Today Ignores Pew Poll on Less Trusted Government, Publicizes Pew Results on Teen Texting Instead

A new Pew poll that shows just 22 percent of respondents trust the government was actually covered by NBC Nightly News on Monday night but for some reason NBC's Today show didn't find that news interesting as they failed to report on the results. However, on Tuesday's Today, they did find a Pew poll they did like, their results on teen texting, as Today co-anchor Ann Curry relayed: "The study by the Pew Internet and American Life Project says that texting is now the main way that teens communicate."

On last evening's Nightly news Savannah Guthrie, at the tail end of another report, noted that "just 22 percent say they trust Washington" and "feel that the government regulates free enterprise too much." However Guthie also pointed out "they would like to see more regulation of Wall Street." At least Nightly News covered the poll, something Today couldn't be bothered about.

The following excerpts are from the April 19 NBC Nightly News and then April 20 Today show:

SAVANNAH GUTHRIE: The latest battle in Washington is happening as Americans are expressing disgust with government. In a Pew poll, just 22 percent say they trust Washington.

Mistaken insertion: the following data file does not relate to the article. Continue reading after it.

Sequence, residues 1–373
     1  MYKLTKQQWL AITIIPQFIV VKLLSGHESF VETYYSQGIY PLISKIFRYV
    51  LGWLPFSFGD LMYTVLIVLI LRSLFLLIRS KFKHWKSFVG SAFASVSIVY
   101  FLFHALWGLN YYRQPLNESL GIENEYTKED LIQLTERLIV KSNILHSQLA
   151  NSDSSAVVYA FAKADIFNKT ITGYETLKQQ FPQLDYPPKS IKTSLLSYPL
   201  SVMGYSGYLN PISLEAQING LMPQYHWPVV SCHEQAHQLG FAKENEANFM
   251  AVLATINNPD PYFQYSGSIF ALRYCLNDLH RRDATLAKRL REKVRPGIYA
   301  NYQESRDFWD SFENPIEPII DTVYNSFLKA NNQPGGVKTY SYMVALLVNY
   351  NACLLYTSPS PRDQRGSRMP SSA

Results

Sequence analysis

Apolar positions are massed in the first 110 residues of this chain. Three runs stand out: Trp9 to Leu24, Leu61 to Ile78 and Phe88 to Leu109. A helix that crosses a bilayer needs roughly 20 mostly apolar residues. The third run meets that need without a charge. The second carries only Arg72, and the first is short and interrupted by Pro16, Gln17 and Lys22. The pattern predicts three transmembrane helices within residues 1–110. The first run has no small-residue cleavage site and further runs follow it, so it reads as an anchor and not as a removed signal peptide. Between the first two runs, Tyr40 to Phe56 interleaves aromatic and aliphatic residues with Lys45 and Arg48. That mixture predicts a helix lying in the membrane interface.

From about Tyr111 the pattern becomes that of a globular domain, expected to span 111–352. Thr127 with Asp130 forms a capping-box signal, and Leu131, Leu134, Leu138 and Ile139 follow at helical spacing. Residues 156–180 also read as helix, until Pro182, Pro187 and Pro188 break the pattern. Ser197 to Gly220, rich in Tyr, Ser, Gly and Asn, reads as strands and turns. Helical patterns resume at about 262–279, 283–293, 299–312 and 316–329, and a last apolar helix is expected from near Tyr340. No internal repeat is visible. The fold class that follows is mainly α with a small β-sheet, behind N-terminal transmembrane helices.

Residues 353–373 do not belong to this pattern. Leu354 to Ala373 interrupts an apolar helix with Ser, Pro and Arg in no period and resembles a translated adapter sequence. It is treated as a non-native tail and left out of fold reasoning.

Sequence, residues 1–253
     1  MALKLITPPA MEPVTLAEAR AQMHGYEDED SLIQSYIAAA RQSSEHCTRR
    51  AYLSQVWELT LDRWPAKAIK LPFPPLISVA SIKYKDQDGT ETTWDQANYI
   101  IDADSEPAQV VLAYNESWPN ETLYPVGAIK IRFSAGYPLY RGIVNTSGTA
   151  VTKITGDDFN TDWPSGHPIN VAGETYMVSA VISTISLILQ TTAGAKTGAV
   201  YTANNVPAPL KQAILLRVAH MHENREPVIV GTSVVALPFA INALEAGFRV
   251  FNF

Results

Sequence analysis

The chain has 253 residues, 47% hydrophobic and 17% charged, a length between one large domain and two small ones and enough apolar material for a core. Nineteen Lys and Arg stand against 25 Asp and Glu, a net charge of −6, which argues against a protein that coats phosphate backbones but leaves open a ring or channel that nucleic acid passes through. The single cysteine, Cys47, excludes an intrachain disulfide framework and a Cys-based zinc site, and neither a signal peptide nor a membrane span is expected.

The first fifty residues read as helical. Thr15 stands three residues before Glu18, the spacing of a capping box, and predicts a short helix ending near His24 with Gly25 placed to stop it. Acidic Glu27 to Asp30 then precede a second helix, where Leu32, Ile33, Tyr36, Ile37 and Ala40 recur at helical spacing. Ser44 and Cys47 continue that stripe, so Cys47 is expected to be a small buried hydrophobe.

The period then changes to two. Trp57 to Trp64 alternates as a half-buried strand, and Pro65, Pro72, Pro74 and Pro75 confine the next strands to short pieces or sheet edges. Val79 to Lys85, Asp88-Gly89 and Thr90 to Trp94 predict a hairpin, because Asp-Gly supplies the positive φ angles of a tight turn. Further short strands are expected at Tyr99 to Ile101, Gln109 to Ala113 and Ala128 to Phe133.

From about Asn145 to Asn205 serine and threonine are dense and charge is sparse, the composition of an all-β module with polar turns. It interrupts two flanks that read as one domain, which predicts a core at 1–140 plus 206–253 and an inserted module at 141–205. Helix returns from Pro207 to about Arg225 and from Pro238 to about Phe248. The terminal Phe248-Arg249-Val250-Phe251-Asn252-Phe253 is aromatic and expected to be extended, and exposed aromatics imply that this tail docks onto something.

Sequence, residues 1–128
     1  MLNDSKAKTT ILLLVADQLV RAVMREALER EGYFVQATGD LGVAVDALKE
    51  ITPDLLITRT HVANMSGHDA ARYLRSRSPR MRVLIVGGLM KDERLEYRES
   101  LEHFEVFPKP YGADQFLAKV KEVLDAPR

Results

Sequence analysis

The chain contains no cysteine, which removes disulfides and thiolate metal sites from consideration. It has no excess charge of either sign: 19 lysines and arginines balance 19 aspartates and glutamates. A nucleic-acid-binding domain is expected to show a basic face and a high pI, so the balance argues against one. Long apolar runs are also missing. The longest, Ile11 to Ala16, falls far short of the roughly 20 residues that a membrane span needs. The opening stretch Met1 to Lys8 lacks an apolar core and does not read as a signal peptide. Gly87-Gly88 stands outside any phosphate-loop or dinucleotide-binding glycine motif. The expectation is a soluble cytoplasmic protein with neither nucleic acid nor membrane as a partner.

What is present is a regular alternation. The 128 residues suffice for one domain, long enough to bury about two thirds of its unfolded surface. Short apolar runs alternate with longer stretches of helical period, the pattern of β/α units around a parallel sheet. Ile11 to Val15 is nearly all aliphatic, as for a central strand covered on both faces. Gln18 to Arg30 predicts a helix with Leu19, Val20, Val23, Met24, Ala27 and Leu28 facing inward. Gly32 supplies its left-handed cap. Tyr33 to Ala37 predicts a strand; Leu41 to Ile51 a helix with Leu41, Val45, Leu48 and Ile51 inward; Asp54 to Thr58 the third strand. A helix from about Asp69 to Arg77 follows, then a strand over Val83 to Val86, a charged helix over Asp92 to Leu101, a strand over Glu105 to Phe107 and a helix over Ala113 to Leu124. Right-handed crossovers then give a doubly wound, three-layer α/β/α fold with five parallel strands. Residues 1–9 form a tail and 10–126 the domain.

STUART ROTHENBERG, POLITICAL ANALYST: This is a public that is worried about what big government and big corporations are doing, and who they're doing it to, and who they're doing it for.

GUTHRIE: Well, another note, that poll did find Americans mostly feel that the government regulates free enterprise too much. There was one big exception -- they would like to see more regulation of Wall Street, Brian.

...

ANN CURRY: And a new study finds that a third of U.S. teenagers with cell phones send more than 100 text messages a day. The study by the Pew Internet and American Life Project says that texting is now the main way that teens communicate, even more so than phone calls or talking face-to-face. So parents take note, if you want to talk to your kids.

Geoffrey Dickens
Geoffrey Dickens
Geoffrey Dickens is the Deputy Research Director at the Media Research Center.